The Ararat Illusion by David D. Minier

No critic rating

Waiting for minimum critic reviews

See 1 Critic Review



Santa Barbara, California, 1973: Rookie cop Michael Page responds to a seaside hotel shooting and finds himself at the center of an international incident-the assassination of two Turkish diplomats to avenge the Armenian Genocide. Thirteen years later, history begins to repeat itself when America's ambassador to Turkey is murdered at a Santa Barbara restaurant. The assassin calls himself "Antranik," after a legendary Armenian war hero, and leaves a calling card-a picture of Mount Ararat, Armenia's sacred mountain. Police Lieutenant Michael Page is soon drawn into a deadly game of wits with Antranik as the terrorist murders a series of federal officials. Page enlists the help of Lela Drew, a beautiful graduate student in Armenian history, to analyze the assassin. The search for Antranik leads Page to confrontations at a Yosemite National Park courthouse, San Francisco's Bay to Breakers footrace, and Fresno's Ararat Cemetery, but the terrorist escapes. When Antranik is revealed as a Soviet K.G.B. agent, with President Ronald Reagan the final target, Washington and Moscow prepare for war. Page discovers where Antranik plans to kill the President, and he and Lela Drew race to prevent the assassination and potential nuclear holocaust.

About David D. Minier

See more books from this Author
Romance author Jayne Ann Krentz was born in Borrego Springs, California on March 28, 1948. She received a B.A. in history from the University of California at Santa Cruz and a Masters degree in library science from San Jose State University. Before becoming a full-time author, she worked as a librarian. Her novels include: Truth or Dare, All Night Long, and Copper Beach. She has written under seven different names: Jayne Bentley, Amanda Glass, Stephanie James, Jayne Taylor, Jayne Castle, Amanda Quick and Jayne Ann Krentz. Her first book, Gentle Pirate, was published in 1980 under the name Jayne Castle. She currently uses only three personas to represent her three specialties. She uses the name Jayne Ann Krentz for her contemporary pieces, Amanda Quick for her historical fiction pieces, and Jayne Castle for her futuristic pieces. She has received numerous awards for her work including the 1995 Romantic Times Reviewer's Choice Award for Trust Me, the 2004 Romantic Times Reviewer's Choice Award for Falling Awake, the Romantic Times Career Achievement Award, the Romantic Times Jane Austen Award, and the Susan Koppelman Award for Feminist Studies for Dangerous Men and Adventurous Women: Romance Writers on the Appeal of the Romance.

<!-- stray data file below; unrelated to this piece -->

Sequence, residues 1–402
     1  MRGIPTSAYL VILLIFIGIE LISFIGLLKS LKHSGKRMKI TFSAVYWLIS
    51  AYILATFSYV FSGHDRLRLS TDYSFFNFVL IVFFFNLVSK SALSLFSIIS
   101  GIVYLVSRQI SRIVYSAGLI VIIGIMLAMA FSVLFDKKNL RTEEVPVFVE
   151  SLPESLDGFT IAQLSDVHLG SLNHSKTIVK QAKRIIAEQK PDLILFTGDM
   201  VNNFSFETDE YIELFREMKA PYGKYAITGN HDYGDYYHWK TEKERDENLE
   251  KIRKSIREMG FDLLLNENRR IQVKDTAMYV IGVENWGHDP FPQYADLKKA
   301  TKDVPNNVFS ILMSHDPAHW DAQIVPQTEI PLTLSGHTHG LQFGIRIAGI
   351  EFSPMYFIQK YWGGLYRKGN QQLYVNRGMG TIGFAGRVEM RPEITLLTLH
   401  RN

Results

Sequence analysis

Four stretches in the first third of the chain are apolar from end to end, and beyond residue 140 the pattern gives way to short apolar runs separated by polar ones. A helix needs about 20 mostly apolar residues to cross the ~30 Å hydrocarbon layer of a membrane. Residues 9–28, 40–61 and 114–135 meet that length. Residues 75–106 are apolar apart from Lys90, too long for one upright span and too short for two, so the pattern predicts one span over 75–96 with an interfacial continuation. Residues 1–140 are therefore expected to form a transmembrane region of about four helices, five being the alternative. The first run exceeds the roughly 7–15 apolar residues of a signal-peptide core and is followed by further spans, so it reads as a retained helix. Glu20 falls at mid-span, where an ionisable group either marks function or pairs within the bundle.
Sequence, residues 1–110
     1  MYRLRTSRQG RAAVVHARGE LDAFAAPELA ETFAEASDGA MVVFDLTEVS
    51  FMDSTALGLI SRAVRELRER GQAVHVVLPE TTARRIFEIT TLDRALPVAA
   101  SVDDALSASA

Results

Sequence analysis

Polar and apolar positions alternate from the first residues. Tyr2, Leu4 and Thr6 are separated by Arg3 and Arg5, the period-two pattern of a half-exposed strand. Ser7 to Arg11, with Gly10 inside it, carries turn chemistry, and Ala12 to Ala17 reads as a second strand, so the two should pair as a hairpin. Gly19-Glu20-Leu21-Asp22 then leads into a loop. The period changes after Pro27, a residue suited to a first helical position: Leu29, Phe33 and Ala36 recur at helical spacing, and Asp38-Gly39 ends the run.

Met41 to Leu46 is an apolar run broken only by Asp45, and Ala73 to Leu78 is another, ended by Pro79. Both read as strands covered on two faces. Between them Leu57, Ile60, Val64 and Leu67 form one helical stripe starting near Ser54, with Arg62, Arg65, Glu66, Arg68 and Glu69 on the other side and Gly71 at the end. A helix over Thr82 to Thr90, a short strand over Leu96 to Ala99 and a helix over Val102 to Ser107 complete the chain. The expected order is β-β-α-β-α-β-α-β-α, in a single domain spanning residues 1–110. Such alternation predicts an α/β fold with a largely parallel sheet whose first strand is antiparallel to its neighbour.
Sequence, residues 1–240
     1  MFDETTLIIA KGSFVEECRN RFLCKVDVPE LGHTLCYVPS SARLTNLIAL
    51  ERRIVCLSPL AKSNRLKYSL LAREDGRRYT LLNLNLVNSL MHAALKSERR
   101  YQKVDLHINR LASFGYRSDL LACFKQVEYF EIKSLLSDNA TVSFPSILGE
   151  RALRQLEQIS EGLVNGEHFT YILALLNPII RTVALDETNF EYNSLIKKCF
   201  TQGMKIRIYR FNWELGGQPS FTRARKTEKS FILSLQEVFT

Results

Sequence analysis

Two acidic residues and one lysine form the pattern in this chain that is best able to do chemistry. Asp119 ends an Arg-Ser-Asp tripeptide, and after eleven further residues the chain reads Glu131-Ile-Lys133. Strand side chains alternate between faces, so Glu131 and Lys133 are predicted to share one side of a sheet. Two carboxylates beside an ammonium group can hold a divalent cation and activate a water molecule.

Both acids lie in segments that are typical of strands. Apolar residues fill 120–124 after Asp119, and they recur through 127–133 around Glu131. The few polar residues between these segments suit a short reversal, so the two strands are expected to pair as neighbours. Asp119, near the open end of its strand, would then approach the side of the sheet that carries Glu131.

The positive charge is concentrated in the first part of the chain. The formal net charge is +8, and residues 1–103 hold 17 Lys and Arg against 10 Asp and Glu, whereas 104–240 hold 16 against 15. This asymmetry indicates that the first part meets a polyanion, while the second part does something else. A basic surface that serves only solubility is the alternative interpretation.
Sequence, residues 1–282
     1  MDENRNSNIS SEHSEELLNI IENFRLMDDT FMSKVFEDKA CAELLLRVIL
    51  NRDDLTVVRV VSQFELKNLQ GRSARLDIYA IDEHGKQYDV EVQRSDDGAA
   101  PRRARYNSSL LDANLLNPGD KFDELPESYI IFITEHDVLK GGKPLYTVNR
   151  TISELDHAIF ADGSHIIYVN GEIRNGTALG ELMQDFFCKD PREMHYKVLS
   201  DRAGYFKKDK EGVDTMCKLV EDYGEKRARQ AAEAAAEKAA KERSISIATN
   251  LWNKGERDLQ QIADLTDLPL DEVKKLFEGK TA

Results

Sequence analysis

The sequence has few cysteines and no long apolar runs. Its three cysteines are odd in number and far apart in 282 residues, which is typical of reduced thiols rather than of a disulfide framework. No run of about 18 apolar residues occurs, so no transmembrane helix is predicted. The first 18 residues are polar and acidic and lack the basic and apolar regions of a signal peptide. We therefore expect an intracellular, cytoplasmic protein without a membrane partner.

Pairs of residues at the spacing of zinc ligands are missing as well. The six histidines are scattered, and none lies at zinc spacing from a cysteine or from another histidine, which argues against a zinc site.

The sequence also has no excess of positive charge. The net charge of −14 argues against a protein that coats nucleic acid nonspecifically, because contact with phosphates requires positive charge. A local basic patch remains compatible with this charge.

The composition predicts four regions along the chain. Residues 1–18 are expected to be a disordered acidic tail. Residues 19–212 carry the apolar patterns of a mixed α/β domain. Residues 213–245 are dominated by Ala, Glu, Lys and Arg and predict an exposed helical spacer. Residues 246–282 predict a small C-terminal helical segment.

Published November 15, 2011 by Siglo Editions. 342 pages
Genres: History, Political & Social Sciences, Mystery, Thriller & Suspense, Literature & Fiction. Fiction

Unrated Critic Reviews for The Ararat Illusion

Kirkus Reviews

See more reviews from this publication

A fast-paced political thriller set during the Reagan presidency.

Jan 14 2013 | Read Full Review of The Ararat Illusion

Rate this book!

Add Review